Cardiomyopathies and myocarditis

Colleen Harrington, Edward K. Kasper

Research output: Chapter in Book/Report/Conference proceedingChapter

Abstract

Cardiomyopathies are diseases of the heart muscle characterized by abnormal chamber size, wall thickness, or functional contractile abnormalities such as systolic or diastolic dysfunction. They include a variety of myocardial disorders that manifest with various structural and functional phenotypes and are frequently genetic. Primary cardiomyopathies consist of disorders that are confined to the heart muscle and are genetic, mixed, and acquired, while secondary cardiomyopathies are caused by myocardial damage from a systemic disease process. The World Health Organization/International Society and Federation of Cardiology task force on the definition and classification of cardiomyopathies has defined five subtypes of cardiomyopathy: dilated, hypertrophic, restrictive, arrhythmogenic right ventricular dysplasia, and unclassified cardiomyopathies. In 2008, the European Society of Cardiology's working group on myocardial and pericardial diseases presented an update to the WHO/ISFC classification in which cardiomyopathy was defined as A myocardial disorder in which the heart muscle is structurally and functionally abnormal in the absence of coronary artery disease, hypertension, valvular disease and congenital heart disease sufficient to explain the observed myocardial abnormality. Dilated cardiomyopathy is the most common cause, compromising 90 % of cases. Each type of cardiomyopathy has unique etiologies and properties. Treatment is usually directed toward the underlying cause.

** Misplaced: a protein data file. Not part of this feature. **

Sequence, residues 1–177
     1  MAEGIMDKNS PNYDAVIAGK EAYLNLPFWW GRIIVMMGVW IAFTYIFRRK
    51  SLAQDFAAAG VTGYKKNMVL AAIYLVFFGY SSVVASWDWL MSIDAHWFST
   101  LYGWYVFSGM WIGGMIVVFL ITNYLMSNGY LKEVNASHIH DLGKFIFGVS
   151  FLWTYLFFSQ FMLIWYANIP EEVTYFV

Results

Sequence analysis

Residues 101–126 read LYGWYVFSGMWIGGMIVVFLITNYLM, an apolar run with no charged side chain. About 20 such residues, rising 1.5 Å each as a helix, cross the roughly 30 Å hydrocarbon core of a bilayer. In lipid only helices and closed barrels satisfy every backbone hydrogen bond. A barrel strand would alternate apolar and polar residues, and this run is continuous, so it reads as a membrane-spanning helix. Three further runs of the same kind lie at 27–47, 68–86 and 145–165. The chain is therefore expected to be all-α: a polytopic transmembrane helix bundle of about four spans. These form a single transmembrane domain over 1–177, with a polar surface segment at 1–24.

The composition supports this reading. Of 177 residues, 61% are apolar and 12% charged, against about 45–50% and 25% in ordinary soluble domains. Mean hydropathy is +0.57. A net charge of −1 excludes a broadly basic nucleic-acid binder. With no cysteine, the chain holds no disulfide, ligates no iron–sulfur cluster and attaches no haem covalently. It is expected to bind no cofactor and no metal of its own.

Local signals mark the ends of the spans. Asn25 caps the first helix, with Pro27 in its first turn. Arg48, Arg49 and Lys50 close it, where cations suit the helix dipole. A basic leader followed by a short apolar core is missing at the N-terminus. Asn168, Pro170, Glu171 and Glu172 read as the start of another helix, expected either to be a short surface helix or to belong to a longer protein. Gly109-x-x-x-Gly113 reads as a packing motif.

Original languageEnglish (US)
Title of host publicationEssential Cardiology
Subtitle of host publicationPrinciples and Practice
PublisherSpringer New York
Pages577-587
Number of pages11
ISBN (Electronic)9781461467052
ISBN (Print)1461467047, 9781461467045
DOIs
StatePublished - Jun 1 2013

ASJC Scopus subject areas

  • Medicine(all)

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    Harrington, C., & Kasper, E. K. (2013). Cardiomyopathies and myocarditis. In Essential Cardiology: Principles and Practice (pp. 577-587). Springer New York. https://doi.org/10.1007/978-1-4614-6705-2_33